Competition: Winning vs Losing
Now of course I am not using the word “best” in reference to “most fun” or “most memorable” (at least not in a good way); I’m talking about “best” as in what will help us become better athletes.
Having success is an important part of competition, because if we always failed/did poorly it
a) wouldn’t be much fun;
b) would probably result in us quitting/giving up; and
c) we’d never reach a higher level (kinda hard to get to the next level of competition if you keep coming in last).
Lessons from Losing
This is something I needed to remind myself after last weekend (I competed on a team with my older sister Sally in the CrossFit Squamish Fall Challenge, and I did a lot worse than I’d hoped), and I figured the best way would be to put into words the ideas that were bouncing around in my head.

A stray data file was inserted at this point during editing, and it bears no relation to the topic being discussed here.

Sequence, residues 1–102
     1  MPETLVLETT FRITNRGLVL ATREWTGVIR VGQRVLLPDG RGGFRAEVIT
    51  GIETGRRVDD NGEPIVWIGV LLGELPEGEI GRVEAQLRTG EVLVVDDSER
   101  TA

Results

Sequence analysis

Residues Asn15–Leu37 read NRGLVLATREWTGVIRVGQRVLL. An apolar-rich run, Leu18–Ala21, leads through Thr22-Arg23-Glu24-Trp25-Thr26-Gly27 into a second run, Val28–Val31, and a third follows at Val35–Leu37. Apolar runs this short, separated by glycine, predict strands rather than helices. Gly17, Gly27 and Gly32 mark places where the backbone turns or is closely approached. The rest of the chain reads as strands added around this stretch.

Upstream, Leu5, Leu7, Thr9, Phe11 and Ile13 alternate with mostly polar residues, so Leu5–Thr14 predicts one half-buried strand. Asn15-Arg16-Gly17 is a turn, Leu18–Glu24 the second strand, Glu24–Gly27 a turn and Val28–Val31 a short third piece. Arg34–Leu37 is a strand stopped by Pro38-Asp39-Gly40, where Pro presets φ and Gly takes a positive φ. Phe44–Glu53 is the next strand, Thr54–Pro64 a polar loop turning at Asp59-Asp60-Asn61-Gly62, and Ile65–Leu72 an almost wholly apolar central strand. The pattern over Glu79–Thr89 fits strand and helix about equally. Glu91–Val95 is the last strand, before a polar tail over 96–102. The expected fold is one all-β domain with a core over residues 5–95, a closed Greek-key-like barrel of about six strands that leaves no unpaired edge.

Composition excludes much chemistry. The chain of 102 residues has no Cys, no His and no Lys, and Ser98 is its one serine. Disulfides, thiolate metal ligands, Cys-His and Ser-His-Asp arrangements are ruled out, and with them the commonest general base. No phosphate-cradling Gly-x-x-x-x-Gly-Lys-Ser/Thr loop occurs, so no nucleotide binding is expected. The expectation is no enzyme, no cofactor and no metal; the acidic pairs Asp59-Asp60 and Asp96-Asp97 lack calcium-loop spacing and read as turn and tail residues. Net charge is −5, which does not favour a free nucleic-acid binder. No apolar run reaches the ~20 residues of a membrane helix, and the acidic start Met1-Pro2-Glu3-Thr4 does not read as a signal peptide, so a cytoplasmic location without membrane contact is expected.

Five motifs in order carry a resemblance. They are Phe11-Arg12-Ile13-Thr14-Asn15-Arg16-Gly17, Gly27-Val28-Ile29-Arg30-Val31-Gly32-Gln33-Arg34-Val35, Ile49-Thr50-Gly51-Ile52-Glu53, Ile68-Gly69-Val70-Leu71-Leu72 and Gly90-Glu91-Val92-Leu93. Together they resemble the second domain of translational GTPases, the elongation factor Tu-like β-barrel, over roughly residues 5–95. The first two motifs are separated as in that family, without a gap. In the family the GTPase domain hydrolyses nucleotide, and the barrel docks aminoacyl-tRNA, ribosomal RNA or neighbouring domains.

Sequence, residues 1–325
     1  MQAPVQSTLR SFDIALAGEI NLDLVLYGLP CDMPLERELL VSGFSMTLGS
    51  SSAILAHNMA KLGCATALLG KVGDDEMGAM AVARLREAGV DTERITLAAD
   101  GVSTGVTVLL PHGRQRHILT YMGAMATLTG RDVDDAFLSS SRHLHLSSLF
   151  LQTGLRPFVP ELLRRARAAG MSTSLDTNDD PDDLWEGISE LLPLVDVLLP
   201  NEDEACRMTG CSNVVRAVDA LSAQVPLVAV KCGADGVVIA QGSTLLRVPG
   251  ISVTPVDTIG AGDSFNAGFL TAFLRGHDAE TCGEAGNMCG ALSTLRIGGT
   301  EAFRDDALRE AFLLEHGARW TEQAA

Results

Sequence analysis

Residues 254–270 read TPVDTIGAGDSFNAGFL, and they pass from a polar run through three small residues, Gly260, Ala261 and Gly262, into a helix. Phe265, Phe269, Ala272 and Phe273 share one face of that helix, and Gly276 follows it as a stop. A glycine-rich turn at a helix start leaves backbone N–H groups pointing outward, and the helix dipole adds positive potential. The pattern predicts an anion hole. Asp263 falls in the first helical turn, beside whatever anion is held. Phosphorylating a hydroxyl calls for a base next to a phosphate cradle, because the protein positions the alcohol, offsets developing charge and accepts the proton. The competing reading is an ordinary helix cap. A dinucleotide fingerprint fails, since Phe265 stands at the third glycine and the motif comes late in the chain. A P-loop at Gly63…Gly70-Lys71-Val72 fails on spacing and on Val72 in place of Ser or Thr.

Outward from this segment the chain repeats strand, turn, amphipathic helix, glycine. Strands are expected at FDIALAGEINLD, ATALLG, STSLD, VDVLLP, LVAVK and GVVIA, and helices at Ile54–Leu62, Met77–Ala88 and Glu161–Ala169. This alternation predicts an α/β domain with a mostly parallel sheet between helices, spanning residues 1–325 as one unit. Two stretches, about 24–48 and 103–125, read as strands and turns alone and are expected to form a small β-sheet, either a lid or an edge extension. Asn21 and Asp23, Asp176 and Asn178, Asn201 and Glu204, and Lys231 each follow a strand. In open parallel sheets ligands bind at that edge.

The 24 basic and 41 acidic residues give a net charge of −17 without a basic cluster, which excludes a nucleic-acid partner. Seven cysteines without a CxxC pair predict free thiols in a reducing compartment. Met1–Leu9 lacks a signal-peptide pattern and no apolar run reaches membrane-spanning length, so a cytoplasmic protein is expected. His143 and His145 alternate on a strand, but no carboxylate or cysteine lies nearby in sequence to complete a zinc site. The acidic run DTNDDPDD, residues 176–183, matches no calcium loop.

Going into the competition, I knew there were going to be some REALLY strong competitors… and knowing Jesse Bifano and Chris Schaalo (the competition organizers), I was pretty sure the WODs were going to be rough. But after training hard all summer and really focusing on my strength, I was feeling… well… strong.
And as it turns out, I was/am as strong as I expected. Sally and I came in 3rd on WOD 2 Part 1 (a 2-min AMRAP of 135# back squats), which is by far the best I’ve ever placed in competition and it felt awesome (we high-fived when the results/rankings were posted). However, I didn’t really learn anything from this workout because I already knew my squats were good — I’d been squatting all summer.